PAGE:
5 Things We Learned from Clinton’s Latest Email Dump
Policy + Politics

5 Things We Learned from Clinton’s Latest Email Dump

REUTERS/Shannon Stapleton

There was nothing to learn in the State Department’s latest email dump about Hillary Rodham Clinton’s role before, during and after the terrorist attack on a U.S. diplomatic outpost in Benghazi, Libya. But the 3,000 pages of messages released late Tuesday offer a few tantalizing and amusing insights to Clinton’s early days as Secretary of State.

The fresh batch of Clinton’s official emails provided to a special House panel investigating the Benghazi incident focus on her first year in office, and they show a top cabinet member occasionally bewildered by the interaction with the White House or fearing that she had been left out of the loop.

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“I heard on the radio that there is a Cabinet mtg this am,” she wrote on June 8, 2009. “Is there? Can I go?” As it turned out it wasn’t a cabinet meeting but one for lower level administration officials. But just four days later, she showed up for a 10:45 a.m. meeting at the White House, only to learn that it had been canceled.

“This is the second time this has happened,” she wrote huffily. “What’s up???”

The fresh cache of emails are part of more than 55,000 pages of Clinton’s official emails that have been promised to the House investigative committee but are still being reviewed by the State Department. State Department officials wanted to wait and submit the entire collection at one time, but a federal judge ruled that the department must release installments on a monthly basis.

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Here are five other highlights of the latest batch of Clinton emails:

  • Senior White House officials were well aware that Clinton used private, non-government email for her official communications but apparently did not object, according to NBC News.  White House Chief of Staff Rahm Emanuel requested and received Clinton’s private email address in 2009, as did senior political adviser David Axelrod.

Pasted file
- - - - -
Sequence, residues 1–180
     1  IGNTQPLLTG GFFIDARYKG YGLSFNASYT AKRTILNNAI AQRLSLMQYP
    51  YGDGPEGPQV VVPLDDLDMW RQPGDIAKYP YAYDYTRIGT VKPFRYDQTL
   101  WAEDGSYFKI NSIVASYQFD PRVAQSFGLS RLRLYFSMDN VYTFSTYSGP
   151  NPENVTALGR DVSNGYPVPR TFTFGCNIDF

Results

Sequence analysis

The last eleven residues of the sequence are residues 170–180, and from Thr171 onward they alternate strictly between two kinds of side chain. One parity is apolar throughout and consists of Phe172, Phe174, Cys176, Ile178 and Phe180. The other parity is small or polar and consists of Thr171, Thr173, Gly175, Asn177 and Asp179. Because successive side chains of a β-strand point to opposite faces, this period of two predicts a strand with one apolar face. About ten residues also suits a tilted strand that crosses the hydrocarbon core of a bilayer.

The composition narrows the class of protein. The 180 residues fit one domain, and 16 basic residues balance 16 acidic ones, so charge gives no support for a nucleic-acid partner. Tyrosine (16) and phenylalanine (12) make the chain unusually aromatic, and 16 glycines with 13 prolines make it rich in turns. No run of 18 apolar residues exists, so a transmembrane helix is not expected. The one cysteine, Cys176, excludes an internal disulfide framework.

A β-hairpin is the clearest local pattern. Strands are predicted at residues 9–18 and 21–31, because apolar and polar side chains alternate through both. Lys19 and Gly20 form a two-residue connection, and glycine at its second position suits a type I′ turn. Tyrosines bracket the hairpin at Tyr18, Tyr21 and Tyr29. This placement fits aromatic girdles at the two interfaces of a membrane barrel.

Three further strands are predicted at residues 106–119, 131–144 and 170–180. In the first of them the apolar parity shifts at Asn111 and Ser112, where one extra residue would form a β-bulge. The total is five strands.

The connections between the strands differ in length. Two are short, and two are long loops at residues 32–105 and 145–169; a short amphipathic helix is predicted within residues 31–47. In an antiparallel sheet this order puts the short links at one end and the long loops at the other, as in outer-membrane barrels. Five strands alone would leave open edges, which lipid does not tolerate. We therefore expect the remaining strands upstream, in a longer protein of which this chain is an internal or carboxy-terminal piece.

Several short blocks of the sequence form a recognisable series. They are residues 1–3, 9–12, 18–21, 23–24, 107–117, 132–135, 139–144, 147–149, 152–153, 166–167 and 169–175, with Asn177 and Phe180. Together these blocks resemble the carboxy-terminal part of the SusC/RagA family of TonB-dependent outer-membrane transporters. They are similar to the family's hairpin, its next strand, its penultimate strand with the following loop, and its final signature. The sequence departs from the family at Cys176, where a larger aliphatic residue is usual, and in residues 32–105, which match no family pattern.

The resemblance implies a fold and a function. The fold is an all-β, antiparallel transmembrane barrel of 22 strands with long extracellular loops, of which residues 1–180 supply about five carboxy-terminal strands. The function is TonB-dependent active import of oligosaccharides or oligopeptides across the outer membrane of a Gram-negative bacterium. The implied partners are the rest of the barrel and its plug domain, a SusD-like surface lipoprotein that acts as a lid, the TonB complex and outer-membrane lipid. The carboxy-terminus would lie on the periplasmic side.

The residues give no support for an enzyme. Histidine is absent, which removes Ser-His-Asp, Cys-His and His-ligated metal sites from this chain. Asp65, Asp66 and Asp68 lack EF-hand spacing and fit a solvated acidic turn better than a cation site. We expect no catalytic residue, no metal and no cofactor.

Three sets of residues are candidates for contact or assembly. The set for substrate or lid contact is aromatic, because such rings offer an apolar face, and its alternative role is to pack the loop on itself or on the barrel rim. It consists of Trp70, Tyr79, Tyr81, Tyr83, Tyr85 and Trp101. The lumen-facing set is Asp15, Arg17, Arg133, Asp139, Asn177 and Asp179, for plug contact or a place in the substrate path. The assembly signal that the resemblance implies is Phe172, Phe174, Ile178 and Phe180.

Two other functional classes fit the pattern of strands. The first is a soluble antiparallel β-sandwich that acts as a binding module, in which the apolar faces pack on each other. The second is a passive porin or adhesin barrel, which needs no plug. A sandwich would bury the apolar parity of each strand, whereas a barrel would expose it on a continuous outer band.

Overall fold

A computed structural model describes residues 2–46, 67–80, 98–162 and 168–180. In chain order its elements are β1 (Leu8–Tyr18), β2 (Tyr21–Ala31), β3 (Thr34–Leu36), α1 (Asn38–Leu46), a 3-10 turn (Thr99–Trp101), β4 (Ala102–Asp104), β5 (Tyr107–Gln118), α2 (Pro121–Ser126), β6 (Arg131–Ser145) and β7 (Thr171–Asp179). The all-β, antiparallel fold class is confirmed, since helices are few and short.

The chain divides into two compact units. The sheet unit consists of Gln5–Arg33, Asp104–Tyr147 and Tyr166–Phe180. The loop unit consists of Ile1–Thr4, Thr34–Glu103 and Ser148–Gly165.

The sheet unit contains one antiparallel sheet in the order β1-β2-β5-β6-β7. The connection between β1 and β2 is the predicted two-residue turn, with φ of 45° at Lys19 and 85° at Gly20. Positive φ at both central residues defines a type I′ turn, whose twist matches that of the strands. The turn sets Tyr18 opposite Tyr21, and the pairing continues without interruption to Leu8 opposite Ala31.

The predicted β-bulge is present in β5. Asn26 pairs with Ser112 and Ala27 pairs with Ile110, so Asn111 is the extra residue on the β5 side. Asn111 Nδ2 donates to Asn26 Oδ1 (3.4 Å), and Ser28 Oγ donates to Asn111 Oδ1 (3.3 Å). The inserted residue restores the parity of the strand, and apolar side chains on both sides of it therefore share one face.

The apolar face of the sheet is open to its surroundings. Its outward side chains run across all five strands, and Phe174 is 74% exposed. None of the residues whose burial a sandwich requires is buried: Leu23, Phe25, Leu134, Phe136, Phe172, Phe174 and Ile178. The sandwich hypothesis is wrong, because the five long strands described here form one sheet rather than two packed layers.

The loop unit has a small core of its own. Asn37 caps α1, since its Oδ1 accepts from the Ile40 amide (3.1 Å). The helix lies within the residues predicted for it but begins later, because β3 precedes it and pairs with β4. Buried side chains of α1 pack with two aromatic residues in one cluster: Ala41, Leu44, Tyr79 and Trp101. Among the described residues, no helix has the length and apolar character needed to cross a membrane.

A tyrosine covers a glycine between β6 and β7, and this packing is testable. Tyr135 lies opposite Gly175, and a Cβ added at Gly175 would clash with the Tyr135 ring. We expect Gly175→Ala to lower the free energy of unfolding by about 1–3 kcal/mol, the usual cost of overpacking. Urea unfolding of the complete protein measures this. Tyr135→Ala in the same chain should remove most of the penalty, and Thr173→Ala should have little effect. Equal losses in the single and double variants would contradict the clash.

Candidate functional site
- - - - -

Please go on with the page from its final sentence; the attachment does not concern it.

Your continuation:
• Blumenthal played a far more important role in keeping Clinton up to speed on issues than she publicly acknowledged. The White House blocked her efforts to hire Blumenthal at State, according to Politico. However, the Clinton family foundation paid him $10,000 a month to serve as a consultant. Beyond his subsequent assistance to her when the Benghazi tragedy blew up, the new emails indicate he also acted as an intermediary with officials involved in the Northern Ireland peace process and monitored other international developments for her.

  • Clinton was obsessed with her media coverage. “Did you see the photo in the NYPost of Bill and me from yesterday?” she wrote to her advisor, Huma Abedin, in August 2009. “It was after lunch but I didn’t see anybody w a camera so obviously a long lens from afar.” Or as the Los Angeles Times reported, she expresses concern about sitting for a joint interview with Henry Kissinger, which might raise unflattering comparisons about the two secretaries’ access to their presidents. “I see POTUS at least once a week while K saw Nixon everyday,” she wrote.

  • Clinton helped friends on Wall Street when she could. That included helping one investment chief executive get a visa and fielding another corporate executive’s complaint about export control regulations that interfered with sales. And when Terrence Duffy, executive chairman of derivatives trader CME Group, asked her to stop by a Washington dinner he was hosting for “150 or so folks from the exchange,” Clinton asked an aide to try to find time for the group to visit the State Department, according to Bloomberg.

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  • Finally, while taking the helm of the Obama administration’s foreign policy, Clinton still fretted about retiring her $23 million campaign debt from her unsuccessful bid for the presidency. Clinton’s chief of protocol, Capricia Marshall, wrote to Paul Begala, a long-time Clinton family friend and Democratic strategist, to thank him for helping in raising $500,000 from an “email contest.” She said in April 2009 email, “You are all amazing,” adding that “You put a serious hole in HRC debt!”, according to The New York Times.

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